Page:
Wednesday, March 24, 2010

How to Solve Childhood Obesity - Whatever Wednesday

First of all...the title of this post seems to say that I know the answer of solving the epidemic of childhood obesity. I don't. Let's just get that out of the way, alright? Alright. So, let's get on with this shall we?

My husband likes to listen to talk radio from Chicago's WGN station. I can take it or leave it. The other night however, the radio was on and the show's host began talking about childhood obesity and how this generation of children may actually have a shorter lifespan than their parents. He also discussed children's lack of daily exercise and bad eating habits. So far I was on board with this guy! That's right! Let's talk about the nitty gritty and figure out how to fix it!

"In most Chicago schools," he said, "kids don't have gym class daily. Kids need to move more! When I was a kid we had gym everyday!!" He contined, "And the food and snacks these kids eat and have access to in schools. Pop and candy machines all over the place."

"I have a solution to these problems!" he exclaimed. Great! I'm leaning closer to the radio at this point eager to hear some intelligent conversation and solutions. His solution? "Teachers should spend less time on English, math and history and devote more time to exercise. As for the vending machines in schools? Raise the prices and the kids won't eat them."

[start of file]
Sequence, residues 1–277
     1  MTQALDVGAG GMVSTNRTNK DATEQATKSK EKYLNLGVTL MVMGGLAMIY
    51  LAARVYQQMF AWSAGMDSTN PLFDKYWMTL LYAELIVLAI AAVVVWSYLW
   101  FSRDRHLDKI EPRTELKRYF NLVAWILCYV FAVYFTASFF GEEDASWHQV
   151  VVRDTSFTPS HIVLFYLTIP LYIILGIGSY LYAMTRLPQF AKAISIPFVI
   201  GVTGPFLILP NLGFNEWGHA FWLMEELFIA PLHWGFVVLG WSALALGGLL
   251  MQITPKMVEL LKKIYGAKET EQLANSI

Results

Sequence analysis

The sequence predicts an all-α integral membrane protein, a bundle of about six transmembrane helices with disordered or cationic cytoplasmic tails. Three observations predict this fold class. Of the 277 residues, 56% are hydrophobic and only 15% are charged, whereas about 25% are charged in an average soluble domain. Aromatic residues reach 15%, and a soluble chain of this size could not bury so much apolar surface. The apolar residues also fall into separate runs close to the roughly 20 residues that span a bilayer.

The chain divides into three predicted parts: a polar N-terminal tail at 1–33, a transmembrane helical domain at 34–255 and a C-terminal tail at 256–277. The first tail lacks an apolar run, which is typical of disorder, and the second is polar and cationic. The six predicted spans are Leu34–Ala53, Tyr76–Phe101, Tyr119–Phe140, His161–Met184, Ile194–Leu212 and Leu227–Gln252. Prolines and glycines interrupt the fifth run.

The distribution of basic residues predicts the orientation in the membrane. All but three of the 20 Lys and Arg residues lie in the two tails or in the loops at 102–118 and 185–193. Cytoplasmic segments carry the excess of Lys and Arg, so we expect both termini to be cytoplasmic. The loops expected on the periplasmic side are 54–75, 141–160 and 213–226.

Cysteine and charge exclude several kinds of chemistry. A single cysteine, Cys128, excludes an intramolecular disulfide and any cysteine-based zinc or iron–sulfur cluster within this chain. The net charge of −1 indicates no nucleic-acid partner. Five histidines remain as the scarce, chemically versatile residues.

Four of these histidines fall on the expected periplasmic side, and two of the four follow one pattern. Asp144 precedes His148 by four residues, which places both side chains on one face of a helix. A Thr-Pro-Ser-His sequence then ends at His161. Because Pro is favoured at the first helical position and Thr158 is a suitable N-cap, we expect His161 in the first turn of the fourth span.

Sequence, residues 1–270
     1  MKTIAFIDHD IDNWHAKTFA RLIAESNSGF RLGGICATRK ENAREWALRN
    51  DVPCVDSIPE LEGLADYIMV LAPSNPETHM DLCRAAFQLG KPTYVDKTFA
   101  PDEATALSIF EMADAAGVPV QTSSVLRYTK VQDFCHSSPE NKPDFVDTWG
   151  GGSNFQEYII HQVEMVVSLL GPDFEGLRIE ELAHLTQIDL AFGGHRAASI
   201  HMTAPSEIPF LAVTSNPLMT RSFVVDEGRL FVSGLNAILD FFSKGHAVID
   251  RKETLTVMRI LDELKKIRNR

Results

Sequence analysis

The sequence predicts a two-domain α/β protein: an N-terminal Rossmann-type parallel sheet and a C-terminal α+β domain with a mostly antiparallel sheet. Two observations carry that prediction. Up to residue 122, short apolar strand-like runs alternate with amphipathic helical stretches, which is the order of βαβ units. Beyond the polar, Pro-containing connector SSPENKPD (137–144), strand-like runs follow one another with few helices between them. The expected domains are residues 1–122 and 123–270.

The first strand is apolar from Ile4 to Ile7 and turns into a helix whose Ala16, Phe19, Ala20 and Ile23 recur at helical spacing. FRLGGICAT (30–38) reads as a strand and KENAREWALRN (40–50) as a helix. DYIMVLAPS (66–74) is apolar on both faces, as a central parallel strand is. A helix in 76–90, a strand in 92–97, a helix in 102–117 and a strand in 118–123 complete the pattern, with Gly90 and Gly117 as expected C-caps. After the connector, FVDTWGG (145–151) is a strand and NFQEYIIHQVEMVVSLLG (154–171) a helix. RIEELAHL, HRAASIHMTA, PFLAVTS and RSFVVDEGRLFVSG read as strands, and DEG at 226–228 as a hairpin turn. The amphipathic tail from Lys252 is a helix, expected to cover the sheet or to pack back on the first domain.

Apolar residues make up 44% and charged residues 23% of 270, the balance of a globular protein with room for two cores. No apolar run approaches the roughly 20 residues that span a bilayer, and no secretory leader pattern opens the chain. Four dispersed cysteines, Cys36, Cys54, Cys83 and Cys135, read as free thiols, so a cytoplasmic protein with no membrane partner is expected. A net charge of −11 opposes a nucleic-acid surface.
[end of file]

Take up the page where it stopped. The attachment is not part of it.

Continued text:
WHAT!!! Was he kidding? I couldn't believe what he had said. I was so mad at this point I raced to the phone to call in and give him a piece of my mind! Thank goodness, the lines were busy and I couldn't get through. I had a hundred arguments running through my head about why he was wrong and I would have sounded like a ranting maniac if I had gotten through.

Now that I am a bit more calm though I do have a couple arguments against his solutions. First, teachers are being asked every year to teach more content with less resources in public schools. Why should they be expected to be responsible for the health of children which, as I view it, is parents' responsibilities . If kids need to move more it should be parents' jobs to get it done. Turn off the tv and go outside with your kids and play and exercise together. I doubt there is any adult in this country, myself included, who would be harmed by a little more exercise. Teachers have enough to do folks let's not burden them anymore with getting our kids healthy. That's our job.